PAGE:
President Anastasiades has appealed for information on missing persons whose place of rest may be located within the areas controlled by the Republic of Cyprus stressing that such information can be given to him personally and under condition of anonymity.
At the same time, he expressed the hope that the Turkish Cypriot side will have the same constructive position.
President Anastasiades was speaking during the appointment ceremony of the new Greek Cypriot member of the Committee on Missing Persons Leonidas Pantelides and he referred to Ambassador Pantelides’ extensive experience with the humanitarian issue of the missing persons during his years at the Ministry of Foreign Affairs and the diplomatic corps in general, as well as the longstanding good relations he has with organised associations on missing persons.
He reiterated the government’s full commitment in finding out what became of each and every missing person in Cyprus.
This matter, he assured, is the first we raise to the Turkish Cypriot leadership as well as in meetings with the UN Secretary General, representatives of international organisations and foreign governments.
President Anastasiades said that until now a limited number of missing persons has been located and identified, adding however that most cases of missing persons are still pending.
He referred to factors which make the work of CMP more difficult such as the long period of time which has passed, the small number of witnesses and their refusal to cooperate in most cases as well as the urban development which has occurred on top of possible sites where the remains of missing persons may be located.
He appealed once more “to anyone who has information on missing persons located in the areas under the control of the Republic, to give their information to me, so that they won’t have to worry.”
He urged anyone who has such information to “give the information to me personally,” adding that “I will not reveal my sources, in order to deal with a problem which concerns Turkish Cypriot missing persons.”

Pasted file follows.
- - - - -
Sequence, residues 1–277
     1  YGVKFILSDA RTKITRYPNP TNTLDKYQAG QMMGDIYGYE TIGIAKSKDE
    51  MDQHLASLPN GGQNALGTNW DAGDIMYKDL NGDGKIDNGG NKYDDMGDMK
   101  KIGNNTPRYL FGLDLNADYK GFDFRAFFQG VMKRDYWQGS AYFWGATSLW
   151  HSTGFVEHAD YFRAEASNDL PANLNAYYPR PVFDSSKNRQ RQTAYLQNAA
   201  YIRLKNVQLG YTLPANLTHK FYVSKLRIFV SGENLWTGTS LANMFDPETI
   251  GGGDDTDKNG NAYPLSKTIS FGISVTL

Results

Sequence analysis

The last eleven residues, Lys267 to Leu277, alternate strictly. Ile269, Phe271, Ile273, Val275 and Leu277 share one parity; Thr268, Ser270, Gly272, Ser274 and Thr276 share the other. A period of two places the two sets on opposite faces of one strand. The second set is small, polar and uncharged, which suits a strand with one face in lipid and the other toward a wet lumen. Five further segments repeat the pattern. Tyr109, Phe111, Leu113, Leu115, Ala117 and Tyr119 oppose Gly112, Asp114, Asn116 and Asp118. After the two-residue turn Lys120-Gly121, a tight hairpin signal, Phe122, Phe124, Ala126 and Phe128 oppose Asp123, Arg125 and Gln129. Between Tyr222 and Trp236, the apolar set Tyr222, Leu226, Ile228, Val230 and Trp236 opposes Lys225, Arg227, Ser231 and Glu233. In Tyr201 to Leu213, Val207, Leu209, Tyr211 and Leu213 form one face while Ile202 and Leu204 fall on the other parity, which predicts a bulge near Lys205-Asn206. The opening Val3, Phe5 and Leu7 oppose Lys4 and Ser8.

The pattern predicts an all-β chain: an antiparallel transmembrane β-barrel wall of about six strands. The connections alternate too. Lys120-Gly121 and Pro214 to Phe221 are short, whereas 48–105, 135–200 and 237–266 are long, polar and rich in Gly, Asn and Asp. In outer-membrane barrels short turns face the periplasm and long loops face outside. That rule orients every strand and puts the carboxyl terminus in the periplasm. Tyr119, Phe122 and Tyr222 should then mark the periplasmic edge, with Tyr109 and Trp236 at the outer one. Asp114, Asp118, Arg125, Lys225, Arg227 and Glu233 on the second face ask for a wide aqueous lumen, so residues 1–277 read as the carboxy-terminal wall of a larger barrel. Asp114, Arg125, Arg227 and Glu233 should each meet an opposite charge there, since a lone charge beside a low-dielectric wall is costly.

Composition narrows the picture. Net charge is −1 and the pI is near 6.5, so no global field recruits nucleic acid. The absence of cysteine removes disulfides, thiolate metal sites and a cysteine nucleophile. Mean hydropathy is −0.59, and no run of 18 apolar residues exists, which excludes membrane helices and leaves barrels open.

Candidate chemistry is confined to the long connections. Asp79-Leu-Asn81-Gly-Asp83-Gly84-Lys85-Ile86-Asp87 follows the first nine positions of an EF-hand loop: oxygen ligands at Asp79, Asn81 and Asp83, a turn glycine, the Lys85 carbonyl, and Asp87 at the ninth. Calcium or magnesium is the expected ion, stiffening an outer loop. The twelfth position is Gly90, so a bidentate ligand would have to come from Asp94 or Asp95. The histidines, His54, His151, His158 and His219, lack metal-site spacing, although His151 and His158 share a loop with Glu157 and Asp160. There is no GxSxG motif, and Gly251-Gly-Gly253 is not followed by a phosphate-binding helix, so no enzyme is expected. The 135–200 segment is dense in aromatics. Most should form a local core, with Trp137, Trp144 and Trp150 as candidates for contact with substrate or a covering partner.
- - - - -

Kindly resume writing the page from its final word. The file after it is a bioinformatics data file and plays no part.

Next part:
“I hope that the other side will have the same constructive approach,” he noted.
He urged Turkey to conform with the legal and moral obligation it has on the basis of international law and to cooperate for the effective investigation of the fate of missing persons.
President Anastasiades further assured that the government will continue to raise the matter and demand by the UN and the international community in general to exert the necessary pressure to the Turkish occupying force so that it may allow access to its army’s archives and in order for the CMP to make additional exhumations in military zones where missing persons remains are buried.
He stressed that such access could be perhaps the most important Confidence Building Measure and he posed the question “in what way it could be damaging to Turkey to behave in a humane way 45 years later?”
On his part, Pantelides said that in the short time he has been at the CMP he has realized how generously the state has invested in supporting the effort adding that a remarkable infrastructure is in place together with a scientific and research team dedicated to their work. He said he has identified some internal weaknesses and a number of external obstacles which reduce the effectiveness of the effort, adding that he considers it as his main responsibility to deal with these challenges.
He assured the President that he undertakes this mission, aiming to end as soon as possible the suffering of relatives of missing persons.
Cyprus has been divided since 1974, when Turkish troops invaded and occupied its northern third. Since then, the fate of hundreds of people remains unknown.
A Committee on Missing Persons has been established, upon agreement between the leaders of the two communities, with the scope of exhuming, identifying and returning the remains of missing persons to their relatives. In the past thirteen years, the CMP managed to identify and return the remains of approximately 927 persons, out of 2,002.
(Cyprus News Agency)